The Saturday Night Ghost Club (2018) – Craig Davidson

A too-short novel that handles the delicacy of memory, nostalgia, growing up in the 80s, and ghost stories. Craig Davidson’s poignant and engaging The Saturday Night Ghost Club is an emotional and compelling read.

Jake, the story’s narrator relates to the reader a coming-of-age summer as he, his new best friend, the friend’s sister, and his Uncle Calvin form the Saturday Night Ghost Club. As they wander the highways and byways of Niagara Falls (or Cataract City as the locals call it) the boys grow up and discover that a person doesn’t have to believe in ghosts to be haunted.

The narrative compels, and is filled with the paraphenalia of a time period that I myself lived through, and could relate to the things the boys explored and were fascinated by. I could relate to these characters.

Beautifully told through the eyes of a grown man looking back on his youth made me wonder about the things that haunted the adults in my life when I was a boy, and just beginning to realize that they were people too with lives of their own, a history that I knew nothing of.

The relationship that develops between Jake and his pal Billy feels authentic, as is the first crush Jake has on Billy’s sister, Dove. It’s his interactions with his uncle, Calvin, that really resonate, and truly drive the narrative and the events that shaped that one summer as Jake slowly transitions into the man he’s going to grow into, and perhaps influences the career he takes on.

Davidson’s storytelling style, his way with words and imagery, brings those summer nights to life with an ease and familiarity that is akin to walking through one’s own memories. I recall nights similar to this, exploring the dark with flashlights, scaring ourselves silly with spooky stories, never thinking how those telling the tale or those listening could be affected or the grains of truth (from a certain point of view) that may be hidden in them.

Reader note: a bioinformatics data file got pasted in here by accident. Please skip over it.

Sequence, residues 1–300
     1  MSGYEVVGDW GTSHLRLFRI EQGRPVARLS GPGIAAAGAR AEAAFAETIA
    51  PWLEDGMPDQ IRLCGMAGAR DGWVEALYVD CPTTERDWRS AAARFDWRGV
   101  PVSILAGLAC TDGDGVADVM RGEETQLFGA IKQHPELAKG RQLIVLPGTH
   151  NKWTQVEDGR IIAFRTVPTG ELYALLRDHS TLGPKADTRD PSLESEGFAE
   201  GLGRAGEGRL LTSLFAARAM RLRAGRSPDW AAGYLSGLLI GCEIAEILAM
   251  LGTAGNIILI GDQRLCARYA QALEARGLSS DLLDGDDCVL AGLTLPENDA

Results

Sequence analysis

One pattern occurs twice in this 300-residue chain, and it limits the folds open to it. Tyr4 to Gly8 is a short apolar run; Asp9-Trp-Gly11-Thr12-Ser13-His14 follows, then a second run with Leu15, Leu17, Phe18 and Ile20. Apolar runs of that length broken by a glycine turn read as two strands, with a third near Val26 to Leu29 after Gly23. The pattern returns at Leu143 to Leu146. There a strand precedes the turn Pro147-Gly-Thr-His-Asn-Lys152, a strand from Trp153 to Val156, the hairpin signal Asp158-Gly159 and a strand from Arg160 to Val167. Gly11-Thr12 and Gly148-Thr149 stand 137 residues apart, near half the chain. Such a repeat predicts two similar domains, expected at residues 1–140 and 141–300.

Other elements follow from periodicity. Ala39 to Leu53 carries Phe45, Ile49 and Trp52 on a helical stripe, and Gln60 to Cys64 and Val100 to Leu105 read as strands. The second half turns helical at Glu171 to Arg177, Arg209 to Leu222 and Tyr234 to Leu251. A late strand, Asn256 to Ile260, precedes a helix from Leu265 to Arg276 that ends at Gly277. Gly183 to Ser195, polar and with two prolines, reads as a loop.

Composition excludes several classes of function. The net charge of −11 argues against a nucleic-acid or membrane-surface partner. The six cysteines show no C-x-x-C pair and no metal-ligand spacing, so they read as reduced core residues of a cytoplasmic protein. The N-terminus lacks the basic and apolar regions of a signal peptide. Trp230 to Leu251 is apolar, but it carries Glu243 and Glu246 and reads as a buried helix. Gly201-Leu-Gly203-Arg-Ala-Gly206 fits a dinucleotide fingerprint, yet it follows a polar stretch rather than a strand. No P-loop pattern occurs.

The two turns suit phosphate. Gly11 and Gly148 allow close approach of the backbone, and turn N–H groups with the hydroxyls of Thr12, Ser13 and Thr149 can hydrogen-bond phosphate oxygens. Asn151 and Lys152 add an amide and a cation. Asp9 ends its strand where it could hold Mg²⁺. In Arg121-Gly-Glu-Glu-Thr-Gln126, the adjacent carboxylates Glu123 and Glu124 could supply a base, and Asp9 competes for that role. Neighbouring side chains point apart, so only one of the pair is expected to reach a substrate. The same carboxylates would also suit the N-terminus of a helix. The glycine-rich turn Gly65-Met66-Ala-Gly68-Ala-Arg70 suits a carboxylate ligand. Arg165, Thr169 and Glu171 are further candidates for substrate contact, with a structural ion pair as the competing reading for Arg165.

He thanks Stephen King in his acknowledgements and you can see that influence on the way he recreates the youth of his 80s. He mentions things that put the reader right back there in it, and it allows you to empathise with the character of Jake, relate to him, and see yourself in his role.

And that, of course, makes the climax of the story all the more poignant. It’s a beautiful novel, my only complaint being that it’s too short. I would have happily bummed around with Jake for that entire summer and see where each day and eve took us.

Davidson is a captivating storyteller, and this poignant haunting tale is so worth the read. Check it out!

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